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One French word: mâche, a French recipe: croustillant de canard sur lit de mâche


Mâche, feminine noun (la mâche, de la mâche, but one doesn’t say une mâche or des mâches) = lamb’s lettuce.

Not to be confused with the verb mâcher = to chew (je mâche, tu mâches, il/elle mâche, nous mâchons, vous mâchez, ils/elles mâchent)(= I chew, you chew, he/she chews, we chew, you chew, they chew). Do you remember the lost ‘s’ denoted by the circumflex accent (^)? This comes from masticate, (mastiquer en français).

Il ne mâche pas ses mots = he doesn’t mince his words, he’s not afraid of plain speaking.

Lamb’s lettuce is not as frequently used as other salads, but it is becoming more “fashionable”, especially since it is now presented ready washed in packets. That’s the problem with lamb’s lettuce, it’s tricky to wash, because it grows on sandy soil which get stuck between the lower leaves. But it is worth the trouble, its emerald green adds sparkle to any dish, and it has a pleasant chewy texture and fresh flavour. I bought my mâche fresh this morning from a local farmer.

Croustillant de canard

My recipe today is for a croustillant de canard sur lit de mâche (crispy duck on a bed of lamb’s lettuce). Let me explain. It consists of a cuisse de canard confit (a duck leg and thigh preserved in duck fat), and radishes and lamb’s lettuce. I think in our family it was my brother who first cooked a cuisse de canard confit crispy this way, my son also does a great version, but some people, in the south west of France particularly, thought it pretty heretical.  I find it less rich and definitely economical, as one duck leg and thigh will do two people.

Une cuisse de canard confit

You will need for 2 people as a main dish:

  • one cuisse de canard confit (I used a frozen cuisse, tinned is better for this recipe, there is more duck fat)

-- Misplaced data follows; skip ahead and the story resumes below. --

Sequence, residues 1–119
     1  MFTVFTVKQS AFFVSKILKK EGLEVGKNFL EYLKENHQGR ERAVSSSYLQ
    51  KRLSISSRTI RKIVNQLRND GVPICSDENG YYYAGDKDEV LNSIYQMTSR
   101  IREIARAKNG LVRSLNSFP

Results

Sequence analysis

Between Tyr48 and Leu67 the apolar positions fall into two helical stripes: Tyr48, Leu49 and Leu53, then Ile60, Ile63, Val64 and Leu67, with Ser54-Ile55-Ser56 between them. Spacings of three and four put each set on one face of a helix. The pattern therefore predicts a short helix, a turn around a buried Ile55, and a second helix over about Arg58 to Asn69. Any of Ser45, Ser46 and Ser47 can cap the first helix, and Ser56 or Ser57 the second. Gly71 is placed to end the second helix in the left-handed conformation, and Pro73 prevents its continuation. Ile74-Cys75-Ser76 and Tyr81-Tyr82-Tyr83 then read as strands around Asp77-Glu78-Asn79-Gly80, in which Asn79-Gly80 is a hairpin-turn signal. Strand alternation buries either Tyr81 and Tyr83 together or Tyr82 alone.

• a couple of good handfuls of mâche
  • about 10 good sized radishes
  • a little raspberry vinegar, salt and pepper

Mâche et radis

Preparation:

  1. Wash the lamb’s lettuce in a basin of water, swishing it around so that any sand falls to the bottom. Repeat several times with fresh water.
  2. Dry delicately in a tea towel.
  3. Nip off the root end but try to keep the rosette whole, it looks better.
  4. Clean and trim the radishes. Dry.
  5. Arrange the lamb’s lettuce on two plates, slice the radishes.
  6. Unless you make your own, duck legs are sold in tins surrounded with duck fat. Remove the duck leg leaving a little fat around it.
  7. Place it in a heavy frying pan, one which is not going to be damaged by the shredding process, warm it up, and with two forks, remove the meat from the bone; discard the bone, but keep the skin.
  8. While continuing to heat the meat, separate it with the two forks until it is completely shredded.
  9. Gradually pour off the duck fat (into a pot which you will keep for frying vegetables). Keep stirring and shredding the meat, turning it frequently so that it crisps on all sides. And continue pouring off any excess fat.
  10. When the duck is golden and completely crispy, divide it in two and arrange a little pyramid in the middle of each plate.
  11. Sprinkle half a tsp raspberry vinegar over the salad (not over the duck), and add several grinds of black pepper and some fleur de sel or salt flakes.

Salade de confit de canard

This dish is not as fatty and rich as plain confit, because the grease has been progressively poured off. And the thick salad leaves offset the duck perfectly.

Bon appétit.

About OneFrenchWord

I was a professional linguist and have been a life-long foodie. I am now lucky enough to be retired and free to roam the beaches around my home at the tip of the Finistère (Brittany, France). Writing is occupying a larger place in my life, with this blog and a children's book in preparation. I shall feel much happier calling myself a writer when I have published a book. And so posts on OneFrenchWord will be published first as an e-book, my ambition being to see a glossy volume on French language and cuisine in print some day. So keep reading, and snap up the book when it appears!

3 responses »

  1. I love the “croustillant de canard”, but mâche was never my favorite salad green. I may substitute with spinach and cress, or roquette maybe… Joyeuse Saint Valentin!

    Reply
  2. Pingback: Duck and crispy potatoes | One French Word

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